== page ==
On This Day in Aviation History

August 25, 2010

On This Day In Aviation History: August 25th

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1784, James Tytler, a Scottish eccentric (and renowned drunk), pilots the first manned balloon flight in England, reaching an altitude of a few hundred feet before landing. Along with his aeronautic skills, Tytler was a surgeon, pharmacist and, perhaps most notably, the second editor of the Encyclopedia Brittannica.

1912, Royal Navy aviator Wilfred Parke becomes the first pilot ever to recover from a spin, regaining control of his Avro Type G biplane 50 feet from the ground at Larkhill, England.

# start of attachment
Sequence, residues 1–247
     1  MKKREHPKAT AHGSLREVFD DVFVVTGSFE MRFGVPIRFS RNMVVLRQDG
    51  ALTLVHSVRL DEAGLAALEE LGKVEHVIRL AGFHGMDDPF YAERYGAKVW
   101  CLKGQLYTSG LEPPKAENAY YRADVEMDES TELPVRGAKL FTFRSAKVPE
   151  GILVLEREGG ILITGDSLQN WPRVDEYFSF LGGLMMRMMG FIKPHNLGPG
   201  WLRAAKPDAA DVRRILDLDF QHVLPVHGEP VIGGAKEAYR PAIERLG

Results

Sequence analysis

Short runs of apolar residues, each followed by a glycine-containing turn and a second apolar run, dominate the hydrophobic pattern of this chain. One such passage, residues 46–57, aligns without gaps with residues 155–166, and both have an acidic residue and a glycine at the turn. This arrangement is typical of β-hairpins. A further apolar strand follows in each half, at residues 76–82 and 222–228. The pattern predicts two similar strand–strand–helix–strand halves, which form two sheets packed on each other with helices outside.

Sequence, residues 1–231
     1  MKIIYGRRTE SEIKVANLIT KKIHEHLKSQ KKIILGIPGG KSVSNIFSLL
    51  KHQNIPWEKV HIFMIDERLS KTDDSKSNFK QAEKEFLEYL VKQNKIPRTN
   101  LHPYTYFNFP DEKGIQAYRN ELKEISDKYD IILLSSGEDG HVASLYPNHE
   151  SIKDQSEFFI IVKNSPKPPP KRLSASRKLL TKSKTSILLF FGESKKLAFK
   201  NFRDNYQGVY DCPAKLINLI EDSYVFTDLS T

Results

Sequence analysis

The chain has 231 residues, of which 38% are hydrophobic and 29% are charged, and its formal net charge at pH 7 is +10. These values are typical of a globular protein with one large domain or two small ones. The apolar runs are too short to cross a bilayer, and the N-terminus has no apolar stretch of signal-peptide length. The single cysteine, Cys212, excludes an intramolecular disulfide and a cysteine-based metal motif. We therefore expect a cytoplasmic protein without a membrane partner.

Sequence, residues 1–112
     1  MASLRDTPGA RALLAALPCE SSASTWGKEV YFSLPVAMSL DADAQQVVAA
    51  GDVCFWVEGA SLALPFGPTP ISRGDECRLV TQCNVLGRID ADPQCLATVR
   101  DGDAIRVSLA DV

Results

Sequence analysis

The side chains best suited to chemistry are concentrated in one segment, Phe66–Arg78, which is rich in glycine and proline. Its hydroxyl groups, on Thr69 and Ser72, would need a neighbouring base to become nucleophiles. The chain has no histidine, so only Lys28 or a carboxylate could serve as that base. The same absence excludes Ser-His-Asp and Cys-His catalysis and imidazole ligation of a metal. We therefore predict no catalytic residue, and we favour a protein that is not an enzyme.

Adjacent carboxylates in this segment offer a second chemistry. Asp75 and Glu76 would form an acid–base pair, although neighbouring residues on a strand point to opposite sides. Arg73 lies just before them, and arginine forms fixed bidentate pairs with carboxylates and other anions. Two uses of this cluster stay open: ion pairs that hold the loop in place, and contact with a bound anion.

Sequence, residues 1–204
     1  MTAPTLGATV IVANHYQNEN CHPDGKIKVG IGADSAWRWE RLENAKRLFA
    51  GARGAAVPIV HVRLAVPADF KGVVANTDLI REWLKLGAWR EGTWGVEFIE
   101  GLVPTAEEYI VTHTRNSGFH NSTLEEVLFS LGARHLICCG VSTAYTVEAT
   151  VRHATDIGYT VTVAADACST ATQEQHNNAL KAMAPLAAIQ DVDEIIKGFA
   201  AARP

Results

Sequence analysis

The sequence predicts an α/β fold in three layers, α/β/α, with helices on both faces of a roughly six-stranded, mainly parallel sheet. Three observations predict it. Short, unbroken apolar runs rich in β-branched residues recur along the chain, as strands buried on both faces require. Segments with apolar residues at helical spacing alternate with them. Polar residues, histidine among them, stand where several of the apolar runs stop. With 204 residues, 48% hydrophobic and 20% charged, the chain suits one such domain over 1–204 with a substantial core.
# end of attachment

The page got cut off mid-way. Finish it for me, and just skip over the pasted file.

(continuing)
1919, the earliest forerunner of British Airways is born when, for 21 pounds, a single passenger boards the first ever commercial flight between Paris and London. It also marks the first regularly operated international flight.

1932, Amelia Earhart becomes the first he first woman to fly non-stop across the United States, landing her Lockheed Vega in Newark 19 hours after taking off from Los Angeles.

Here is a Smithsonian tour of Earhart’s Vega:

1976, the British Airways Concorde registered G-BOAD makes her maiden flight out of Filton, England. Today she is on display at the USS Intrepid Sea, Air & Space Museum in New York.

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